Republican strategist Ana Navarro believes that Republicans would do well to get behind universal background checks for gun purchases as the best strategy for their floundering party. Navarro told “Meet the Press,”
“We need to understand that. The gun issue is here. It’s not going away. Every other day we are hearing about a tragedy on the news. And people keep asking, ‘What are we doing about it?’ Republican and the NRA should be part of the solution, should be part of the conversation, not just say, ‘No.’ And universal background checks is something that there could be consensus on.”
She is correct, Republicans, and especially the NRA, could be and should be part of the solution, however, some of the GOP, along with the NRA’s leadership, balk at even the most basic of common sense measures, such as universal background checks. Senator Orrin Hatch (R-UT) believes that background checks will lead to a loss of American liberty. A Jan. 31 article in the Huffington Post carried the following quote from Hatch about background checks:
“When you start saying people all have to sign up for something, and they have a database where they know exactly who’s who, and where government can persecute people because of the database, that alarms a lot of people in our country, and it flies in the face of liberty.”
He went on to argue that the current background check system is sufficient, and works very well when it’s actually used. He doesn’t want to go further than that and jeopardize freedom and privacy.
Wayne LaPierre, CEO of the NRA, also believes that universal background checks won’t work. “It’s fraud to call it ‘universal. It’s never going to be universal. The criminals aren’t going to go along with it,” he said on “Fox News Sunday.”
That is a very popular refrain among the gun-rights lobby; that new laws won’t work because criminals don’t obey the law. What they don’t seem to realize is by that logic, we shouldn’t have any laws at all. Criminals are criminals because they don’t obey the law.
Current federal law requires background checks on all people who seek to purchase a firearm from a federally licensed dealer, but does not require background checks for private sales, which include some of the sales at gun shows. Mark Kelly, NASA astronaut and husband of former U.S. Representative Gabby Giffords, told “Fox News Sunday” that the current system has stopped 1.7 million people from buying guns from dealers since 1999, but that some of those same people have done an end-run around the system by getting guns privately, where background checks don’t happen.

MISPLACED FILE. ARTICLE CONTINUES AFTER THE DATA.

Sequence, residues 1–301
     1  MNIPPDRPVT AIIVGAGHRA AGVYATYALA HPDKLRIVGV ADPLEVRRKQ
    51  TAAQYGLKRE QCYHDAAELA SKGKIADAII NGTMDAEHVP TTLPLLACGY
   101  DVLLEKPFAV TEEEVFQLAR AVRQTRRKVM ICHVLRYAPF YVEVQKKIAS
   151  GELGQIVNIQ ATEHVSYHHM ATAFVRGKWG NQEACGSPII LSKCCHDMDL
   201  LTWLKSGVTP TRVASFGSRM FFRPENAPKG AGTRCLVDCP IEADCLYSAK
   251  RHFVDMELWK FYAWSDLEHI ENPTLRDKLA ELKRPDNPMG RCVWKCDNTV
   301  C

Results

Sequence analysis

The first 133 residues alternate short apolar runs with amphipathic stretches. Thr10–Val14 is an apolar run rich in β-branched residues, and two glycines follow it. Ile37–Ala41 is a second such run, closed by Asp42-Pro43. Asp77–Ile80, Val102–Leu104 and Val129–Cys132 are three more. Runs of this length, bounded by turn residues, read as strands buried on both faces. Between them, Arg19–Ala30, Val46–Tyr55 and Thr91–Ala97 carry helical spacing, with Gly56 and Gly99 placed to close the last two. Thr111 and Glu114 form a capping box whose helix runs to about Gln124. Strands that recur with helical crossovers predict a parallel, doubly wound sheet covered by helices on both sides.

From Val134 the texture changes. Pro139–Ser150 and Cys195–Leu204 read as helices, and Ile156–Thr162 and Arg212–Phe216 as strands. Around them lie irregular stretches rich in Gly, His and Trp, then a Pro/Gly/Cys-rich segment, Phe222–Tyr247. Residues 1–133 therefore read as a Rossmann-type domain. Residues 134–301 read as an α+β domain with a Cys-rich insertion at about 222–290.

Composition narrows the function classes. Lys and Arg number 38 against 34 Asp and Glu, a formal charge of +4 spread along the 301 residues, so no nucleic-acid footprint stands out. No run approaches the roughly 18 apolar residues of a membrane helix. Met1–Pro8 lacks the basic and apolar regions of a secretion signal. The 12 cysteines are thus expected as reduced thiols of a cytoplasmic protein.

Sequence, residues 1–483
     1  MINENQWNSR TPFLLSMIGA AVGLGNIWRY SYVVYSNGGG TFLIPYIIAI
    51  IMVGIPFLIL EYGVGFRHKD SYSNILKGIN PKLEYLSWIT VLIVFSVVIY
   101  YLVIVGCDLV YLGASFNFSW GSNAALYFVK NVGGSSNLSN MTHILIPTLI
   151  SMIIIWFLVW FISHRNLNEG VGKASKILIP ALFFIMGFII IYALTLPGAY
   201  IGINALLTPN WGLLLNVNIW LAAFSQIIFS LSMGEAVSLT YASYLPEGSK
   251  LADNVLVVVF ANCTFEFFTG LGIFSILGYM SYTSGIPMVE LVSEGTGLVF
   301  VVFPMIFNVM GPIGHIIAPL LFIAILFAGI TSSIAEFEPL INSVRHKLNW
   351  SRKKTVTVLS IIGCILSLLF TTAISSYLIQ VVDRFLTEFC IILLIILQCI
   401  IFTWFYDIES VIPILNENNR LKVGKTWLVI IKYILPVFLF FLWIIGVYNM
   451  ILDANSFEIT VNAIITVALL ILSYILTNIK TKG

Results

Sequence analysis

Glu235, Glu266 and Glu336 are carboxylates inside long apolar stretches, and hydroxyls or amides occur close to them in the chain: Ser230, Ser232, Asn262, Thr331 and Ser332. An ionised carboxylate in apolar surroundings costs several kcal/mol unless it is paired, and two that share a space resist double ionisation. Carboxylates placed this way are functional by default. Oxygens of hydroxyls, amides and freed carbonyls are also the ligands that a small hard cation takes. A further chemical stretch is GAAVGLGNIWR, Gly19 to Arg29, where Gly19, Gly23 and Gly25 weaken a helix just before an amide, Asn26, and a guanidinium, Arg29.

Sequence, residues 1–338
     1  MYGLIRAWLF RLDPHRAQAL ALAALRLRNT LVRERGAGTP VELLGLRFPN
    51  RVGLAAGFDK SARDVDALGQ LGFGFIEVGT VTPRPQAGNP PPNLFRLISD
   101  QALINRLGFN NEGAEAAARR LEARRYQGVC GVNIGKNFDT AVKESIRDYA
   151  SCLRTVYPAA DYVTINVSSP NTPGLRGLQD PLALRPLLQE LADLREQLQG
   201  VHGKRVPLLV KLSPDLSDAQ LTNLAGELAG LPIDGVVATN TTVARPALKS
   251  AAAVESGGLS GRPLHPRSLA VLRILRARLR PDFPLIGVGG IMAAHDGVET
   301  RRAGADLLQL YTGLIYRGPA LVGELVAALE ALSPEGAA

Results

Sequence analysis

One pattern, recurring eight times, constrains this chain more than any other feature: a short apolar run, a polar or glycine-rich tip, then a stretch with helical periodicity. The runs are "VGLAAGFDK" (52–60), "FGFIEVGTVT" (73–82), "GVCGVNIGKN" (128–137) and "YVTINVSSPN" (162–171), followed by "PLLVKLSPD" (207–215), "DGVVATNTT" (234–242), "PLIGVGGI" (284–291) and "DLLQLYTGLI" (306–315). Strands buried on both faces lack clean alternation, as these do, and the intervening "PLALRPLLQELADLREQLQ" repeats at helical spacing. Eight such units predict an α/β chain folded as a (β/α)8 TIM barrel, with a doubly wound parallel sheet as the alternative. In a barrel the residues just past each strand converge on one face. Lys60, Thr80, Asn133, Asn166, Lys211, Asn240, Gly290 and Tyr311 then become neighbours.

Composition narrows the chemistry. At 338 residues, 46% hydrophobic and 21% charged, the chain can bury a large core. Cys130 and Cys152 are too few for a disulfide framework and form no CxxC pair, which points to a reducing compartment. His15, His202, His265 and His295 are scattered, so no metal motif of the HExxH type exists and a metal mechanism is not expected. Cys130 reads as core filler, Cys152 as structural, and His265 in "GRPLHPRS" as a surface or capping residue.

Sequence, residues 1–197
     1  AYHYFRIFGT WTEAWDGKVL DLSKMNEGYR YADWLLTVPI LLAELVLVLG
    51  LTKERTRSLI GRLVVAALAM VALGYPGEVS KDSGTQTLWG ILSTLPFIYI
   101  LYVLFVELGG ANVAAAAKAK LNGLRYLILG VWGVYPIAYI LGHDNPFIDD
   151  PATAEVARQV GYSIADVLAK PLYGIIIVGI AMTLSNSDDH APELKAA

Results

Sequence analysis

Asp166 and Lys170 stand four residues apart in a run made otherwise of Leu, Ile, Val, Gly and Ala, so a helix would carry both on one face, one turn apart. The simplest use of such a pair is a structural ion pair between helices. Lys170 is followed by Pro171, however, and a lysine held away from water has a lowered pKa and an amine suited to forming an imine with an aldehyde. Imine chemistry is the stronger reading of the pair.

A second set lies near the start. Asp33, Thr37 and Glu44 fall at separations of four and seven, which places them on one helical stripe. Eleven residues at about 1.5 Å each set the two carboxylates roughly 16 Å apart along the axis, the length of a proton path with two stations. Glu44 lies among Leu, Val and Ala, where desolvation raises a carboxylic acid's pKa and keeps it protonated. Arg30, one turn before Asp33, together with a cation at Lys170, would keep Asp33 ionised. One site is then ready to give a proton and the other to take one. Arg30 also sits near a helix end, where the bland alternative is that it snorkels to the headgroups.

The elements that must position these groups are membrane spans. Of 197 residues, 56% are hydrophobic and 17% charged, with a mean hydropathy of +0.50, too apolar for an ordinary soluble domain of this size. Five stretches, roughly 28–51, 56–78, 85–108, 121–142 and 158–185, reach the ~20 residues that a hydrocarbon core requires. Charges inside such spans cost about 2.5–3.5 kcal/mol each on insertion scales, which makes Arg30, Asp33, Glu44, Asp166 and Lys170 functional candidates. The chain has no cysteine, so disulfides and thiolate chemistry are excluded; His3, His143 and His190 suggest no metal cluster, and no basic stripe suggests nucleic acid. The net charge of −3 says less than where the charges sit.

Approximately 40% of all gun sales in the U.S. don’t require a background check under the current law, according to Lindsey Nichols of the Law Center to Prevent Gun Violence. LaPierre and others in the NRA, along with politicians like Hatch, believe that the current system, if it were properly used and enforced, would work beautifully. However, even if every state complied fully with this requirement (which some don’t, according to Nichols), the current system still has the massive gap of private sales. So if the purpose of the National Instant Criminal Background Check System (NICS) is to weed out criminals and people who are deemed ill to the point where they could potentially be violent, and all we need to do is make sure states properly enforce these background checks, how do we weed out the criminals and the mentally ill who buy their guns privately, either at gun shows from non-licensed dealers, or through friends, family, online, etc.?
Background checks, if nothing else, provide a deterrent. What’s more is that, according to poll conducted by the Pew Research Center, 85% of Americans favor universal background checks. Surprisingly, the poll found that nearly that much of Congress also favors universal background checks. With so many that favor them, the squeaky wheels like the NRA and Senator Hatch may find themselves simply spinning, at least on this particular facet of the issue.